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Security Mutual Casualty Co. v. Harbor Ins.

OPINION FILED SEPTEMBER 11, 1978.

SECURITY MUTUAL CASUALTY COMPANY, PLAINTIFF-APPELLANT,

v.

HARBOR INSURANCE COMPANY ET AL., DEFENDANTS-APPELLEES.



APPEAL from the Circuit Court of Cook County; the Hon. ARTHUR L. DUNNE, Judge, presiding.

MR. JUSTICE BUCKLEY DELIVERED THE OPINION OF THE COURT:

Rehearing denied October 30, 1978.

This is an appeal of an order compelling arbitration under a declaratory judgment action filed by Security Mutual Casualty Company (hereafter Security) to establish its rights and duties under its policy insuring Harbor Insurance Company (hereafter Harbor). Security alleges error in the circuit court of Cook County's issuance of such an order without first determining whether the matter to be arbitrated is within the terms of the parties' arbitration agreement.

• 1 Although Harbor has not contested this court's jurisdiction to entertain the appeal of the order to arbitrate, we note that an order to compel or stay arbitration has been determined to be equivalent to an order granting or refusing injunctive relief (Medline Industries, Inc. v. Pascal (1975), 23 Ill. App.3d 346, 319 N.E.2d 310; Property Management, Ltd. v. Howasa, Inc. (1973), 14 Ill. App.3d 536, 302 N.E.2d 754; School District 46 v. Del Bianco (1966), 68 Ill. App.2d 145, 215 N.E.2d 25), and is appealable pursuant to Supreme Court Rule 307(a)(1) (58 Ill.2d R. 307(a)(1)).

On September 9, 1960, Security entered into a reinsurance treaty in Chicago, Illinois, with Harbor, designated "Reinsurance Agreement No. 308071." Under the treaty, Security undertook to reinsure Harbor on certain classes of risks in the amount of $1,975,000 in excess of $25,000, the latter amount being retained by Harbor. Security agreed to provide reinsurance coverage for those risks insured by Harbor with respect to the following exposure:

"Third Party Bodily Injury Liability (including medical payments) and Property Damage Liability Business; Workmens Compensation and Employers' Liability Business; Motor Cargo Business."

The treaty likewise contained an arbitration clause in article XIII:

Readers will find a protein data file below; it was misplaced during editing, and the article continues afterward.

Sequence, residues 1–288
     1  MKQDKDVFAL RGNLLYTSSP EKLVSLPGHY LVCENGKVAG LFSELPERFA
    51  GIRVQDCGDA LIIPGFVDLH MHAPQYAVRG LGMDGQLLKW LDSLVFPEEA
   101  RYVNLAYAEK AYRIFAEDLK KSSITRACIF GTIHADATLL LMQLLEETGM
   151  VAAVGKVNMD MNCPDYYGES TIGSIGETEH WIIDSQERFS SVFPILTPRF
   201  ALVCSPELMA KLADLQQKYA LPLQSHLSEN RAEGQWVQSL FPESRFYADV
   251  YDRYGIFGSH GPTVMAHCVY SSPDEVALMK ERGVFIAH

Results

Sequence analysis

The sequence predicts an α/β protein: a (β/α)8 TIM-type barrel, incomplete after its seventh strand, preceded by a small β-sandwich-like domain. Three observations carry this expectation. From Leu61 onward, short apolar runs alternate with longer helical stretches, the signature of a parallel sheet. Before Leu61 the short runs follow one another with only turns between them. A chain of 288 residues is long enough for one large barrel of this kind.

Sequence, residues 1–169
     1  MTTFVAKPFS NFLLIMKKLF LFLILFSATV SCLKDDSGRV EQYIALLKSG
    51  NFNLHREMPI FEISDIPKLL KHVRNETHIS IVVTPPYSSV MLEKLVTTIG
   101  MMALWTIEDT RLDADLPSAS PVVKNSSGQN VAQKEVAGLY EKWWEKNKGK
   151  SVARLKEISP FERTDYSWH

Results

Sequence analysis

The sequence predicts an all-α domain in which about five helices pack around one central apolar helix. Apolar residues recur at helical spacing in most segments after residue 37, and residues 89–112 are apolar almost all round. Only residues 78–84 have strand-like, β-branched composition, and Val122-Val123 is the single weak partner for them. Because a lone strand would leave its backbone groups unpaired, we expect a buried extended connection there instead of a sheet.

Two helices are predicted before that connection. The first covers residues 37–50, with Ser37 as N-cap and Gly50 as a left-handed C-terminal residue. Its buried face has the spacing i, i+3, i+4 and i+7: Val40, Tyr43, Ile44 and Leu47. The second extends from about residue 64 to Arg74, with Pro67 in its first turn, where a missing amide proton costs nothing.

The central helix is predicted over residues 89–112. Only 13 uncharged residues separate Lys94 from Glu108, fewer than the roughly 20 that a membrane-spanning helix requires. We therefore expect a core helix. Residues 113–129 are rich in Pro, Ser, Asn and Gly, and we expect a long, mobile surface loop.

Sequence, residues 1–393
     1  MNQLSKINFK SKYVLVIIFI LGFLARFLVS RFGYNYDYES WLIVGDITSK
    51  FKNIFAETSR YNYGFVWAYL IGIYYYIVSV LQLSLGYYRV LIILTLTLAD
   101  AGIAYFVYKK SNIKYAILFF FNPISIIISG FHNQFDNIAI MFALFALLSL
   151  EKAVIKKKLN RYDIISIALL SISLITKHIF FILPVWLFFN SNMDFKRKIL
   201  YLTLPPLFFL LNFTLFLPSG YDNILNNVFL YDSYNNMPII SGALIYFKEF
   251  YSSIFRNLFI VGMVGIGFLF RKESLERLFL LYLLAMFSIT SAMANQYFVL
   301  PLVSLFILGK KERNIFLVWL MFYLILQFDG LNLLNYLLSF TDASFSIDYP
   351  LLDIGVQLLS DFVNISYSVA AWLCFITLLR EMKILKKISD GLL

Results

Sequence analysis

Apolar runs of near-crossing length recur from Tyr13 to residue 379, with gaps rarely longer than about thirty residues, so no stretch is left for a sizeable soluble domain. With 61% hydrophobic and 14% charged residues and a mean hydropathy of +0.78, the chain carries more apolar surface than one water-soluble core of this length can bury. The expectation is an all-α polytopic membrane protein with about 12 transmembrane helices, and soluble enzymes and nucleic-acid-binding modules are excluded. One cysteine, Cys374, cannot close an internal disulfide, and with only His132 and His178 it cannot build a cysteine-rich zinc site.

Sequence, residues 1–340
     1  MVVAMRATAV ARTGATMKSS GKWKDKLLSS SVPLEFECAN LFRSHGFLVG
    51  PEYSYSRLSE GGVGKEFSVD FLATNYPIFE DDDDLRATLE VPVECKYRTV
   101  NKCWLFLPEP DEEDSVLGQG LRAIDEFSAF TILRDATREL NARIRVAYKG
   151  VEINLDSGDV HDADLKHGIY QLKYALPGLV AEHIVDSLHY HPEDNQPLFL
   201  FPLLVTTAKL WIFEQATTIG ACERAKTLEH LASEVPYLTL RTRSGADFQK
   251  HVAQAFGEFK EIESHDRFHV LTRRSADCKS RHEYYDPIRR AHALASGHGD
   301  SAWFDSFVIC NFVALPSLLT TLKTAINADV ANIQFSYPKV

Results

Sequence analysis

"In the event of any dispute between the Company and the Reinsurer in connection with this Agreement, such dispute shall be submitted to arbitration."

The policy of reinsurance remained in effect until January 1, 1965, when it was terminated by the mutual consent of Security and Harbor.

Sometime prior to August 1963, John Bertero was employed as President of National General Corporation (hereafter National), the primary assured under insurance policy No. 5-1585 issued by Harbor to National.

At the request of the Board of Directors of National, John Bertero resigned as president effective November 12, 1959. Thereafter a dispute arose between Bertero and National. On June 8, 1962, suit was filed in Los Angeles Superior Court by Bertero against National seeking a declaratory judgment with respect to the validity of his employment contract with National. On August 28, 1963, National filed a counterclaim in the suit alleging in part that Bertero had obtained the contract through duress, undue influence and for no consideration.

On October 1, 1963, National amended its previously filed answer to include a cross-complaint for money had and received. National's cross-complaint later became the basis of a malicious prosecution action by Bertero.

In August of 1965, eight months after Security's policy of reinsurance with Harbor had been terminated, a jury verdict was returned and judgment entered in favor of Bertero in the amount of $500,000. The cross-complaint filed against him by National was dismissed. The judgment was affirmed on appeal on September 6, 1967 (Bertero v. National General Corp. (1967), 254 Cal.App.2d 126, 62 Cal. Rptr. 714), and became final December 5, 1967.

In March 1968, after the original judgment had become final, Bertero filed suit in the Los Angeles Superior Court against National, alleging that National was guilty of malicious prosecution ...


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